English: skills for learning
English: skills for learning

Start this free course now. Just create an account and sign in. Enrol and complete the course for a free statement of participation or digital badge if available.

Free course

English: skills for learning

Week 5: Linking ideas


So far you have looked at the essay-writing process and at the structure of each part of a good essay. This week you will look at the essay as a whole and focus on ways to link its various parts so that readers will find it easy to read.

Anna introduces the week in the following video:

Download this video clip.Video player: swe_1_wk5_640_hq.mp4
Skip transcript


Welcome to Week 5. And well done, you’re halfway through the course.

So what makes a successful essay and in general a successful text. Well essays and any other written documents are successful if they’re easy to read. That is, if they are clearly organised and all the parts are linked and work together to make a point.

This week you will concentrate on ways to link your ideas in writing. You will first look at how a student linked his introduction and his conclusion to the rest of his text. Then you will learn how to use information the reader is already familiar with to introduce new information.

Finally, you will look at ways to link ideas and information through linking words. In particular you will look at ways to add new information, compare and contrast ideas, and express cause and effect relationships.

End transcript
Interactive feature not available in single page view (see it in standard view).

Some of the activities this week are based on Fred’s essay from Week 4. I suggest you download the file [Tip: hold Ctrl and click a link to open it in a new tab. (Hide tip)]   that’s been provided and print it out, as you may find it helpful to be able to highlight, underline or annotate portions of the text.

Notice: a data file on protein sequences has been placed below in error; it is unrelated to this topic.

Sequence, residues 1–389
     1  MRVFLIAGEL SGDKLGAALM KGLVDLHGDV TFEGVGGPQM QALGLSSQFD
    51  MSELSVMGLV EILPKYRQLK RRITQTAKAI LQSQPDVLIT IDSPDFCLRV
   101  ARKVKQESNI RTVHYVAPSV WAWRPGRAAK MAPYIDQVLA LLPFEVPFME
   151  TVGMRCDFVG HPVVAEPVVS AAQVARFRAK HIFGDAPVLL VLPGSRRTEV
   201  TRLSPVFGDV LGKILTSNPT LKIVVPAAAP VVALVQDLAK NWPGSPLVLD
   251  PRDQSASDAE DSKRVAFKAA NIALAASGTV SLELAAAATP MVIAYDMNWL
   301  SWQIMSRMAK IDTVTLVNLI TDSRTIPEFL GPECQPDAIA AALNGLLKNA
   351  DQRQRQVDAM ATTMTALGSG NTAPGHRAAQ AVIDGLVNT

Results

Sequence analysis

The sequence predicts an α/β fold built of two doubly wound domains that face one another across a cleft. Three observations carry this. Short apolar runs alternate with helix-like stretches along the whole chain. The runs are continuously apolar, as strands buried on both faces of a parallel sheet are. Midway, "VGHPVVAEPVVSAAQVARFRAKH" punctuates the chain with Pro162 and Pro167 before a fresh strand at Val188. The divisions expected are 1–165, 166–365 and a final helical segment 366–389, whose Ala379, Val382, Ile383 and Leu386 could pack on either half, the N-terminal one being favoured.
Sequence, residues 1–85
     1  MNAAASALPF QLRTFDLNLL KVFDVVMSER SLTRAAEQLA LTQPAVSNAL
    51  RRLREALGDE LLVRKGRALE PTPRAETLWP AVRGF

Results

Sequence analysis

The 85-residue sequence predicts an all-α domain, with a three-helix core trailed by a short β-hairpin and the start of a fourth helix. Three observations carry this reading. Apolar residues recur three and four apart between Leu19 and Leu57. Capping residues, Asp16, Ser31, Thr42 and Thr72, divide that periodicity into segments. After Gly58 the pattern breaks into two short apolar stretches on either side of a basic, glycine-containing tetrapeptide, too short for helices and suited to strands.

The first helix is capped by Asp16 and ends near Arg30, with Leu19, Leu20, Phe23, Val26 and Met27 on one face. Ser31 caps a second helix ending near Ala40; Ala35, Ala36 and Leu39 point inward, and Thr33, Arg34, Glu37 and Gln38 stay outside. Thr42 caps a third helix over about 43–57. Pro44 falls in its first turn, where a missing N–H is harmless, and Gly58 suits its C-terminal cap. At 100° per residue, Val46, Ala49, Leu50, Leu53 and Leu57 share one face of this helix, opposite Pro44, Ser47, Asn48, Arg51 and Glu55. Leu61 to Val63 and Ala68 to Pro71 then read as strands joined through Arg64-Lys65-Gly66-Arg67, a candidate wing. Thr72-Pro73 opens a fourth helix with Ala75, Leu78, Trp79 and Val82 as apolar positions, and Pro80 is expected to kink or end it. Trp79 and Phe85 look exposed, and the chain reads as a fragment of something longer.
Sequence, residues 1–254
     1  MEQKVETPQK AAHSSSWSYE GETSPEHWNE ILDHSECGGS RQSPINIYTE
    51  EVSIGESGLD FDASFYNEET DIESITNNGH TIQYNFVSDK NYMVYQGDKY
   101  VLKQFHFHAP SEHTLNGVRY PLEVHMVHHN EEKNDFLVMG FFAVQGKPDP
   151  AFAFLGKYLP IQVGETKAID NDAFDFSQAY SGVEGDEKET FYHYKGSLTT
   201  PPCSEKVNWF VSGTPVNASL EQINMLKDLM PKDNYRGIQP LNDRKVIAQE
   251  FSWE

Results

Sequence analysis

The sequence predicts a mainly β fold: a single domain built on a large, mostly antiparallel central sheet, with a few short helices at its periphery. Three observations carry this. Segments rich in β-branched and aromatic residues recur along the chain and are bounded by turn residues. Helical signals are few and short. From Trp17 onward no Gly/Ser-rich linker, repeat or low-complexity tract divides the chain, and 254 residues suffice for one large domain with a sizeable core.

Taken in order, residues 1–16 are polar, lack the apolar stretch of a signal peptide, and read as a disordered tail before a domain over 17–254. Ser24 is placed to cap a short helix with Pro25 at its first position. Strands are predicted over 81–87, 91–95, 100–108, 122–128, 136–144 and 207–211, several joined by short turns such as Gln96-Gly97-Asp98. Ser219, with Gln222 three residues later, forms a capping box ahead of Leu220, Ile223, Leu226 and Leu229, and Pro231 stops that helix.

By the end of this week you will be able to recognise ways to:

  • link the introduction and the paragraphs to the essay question
  • introduce new information by linking it to information already known to the reader
  • link paragraphs and sentences through linking words and phrases.

Take your learning further

Making the decision to study can be a big step, which is why you'll want a trusted University. The Open University has 50 years’ experience delivering flexible learning and 170,000 students are studying with us right now. Take a look at all Open University courses.

If you are new to University-level study, we offer two introductory routes to our qualifications. You could either choose to start with an Access module, or a module which allows you to count your previous learning towards an Open University qualification. Read our guide on Where to take your learning next for more information.

Not ready for formal University study? Then browse over 1000 free courses on OpenLearn and sign up to our newsletter to hear about new free courses as they are released.

Every year, thousands of students decide to study with The Open University. With over 120 qualifications, we’ve got the right course for you.

Request an Open University prospectus371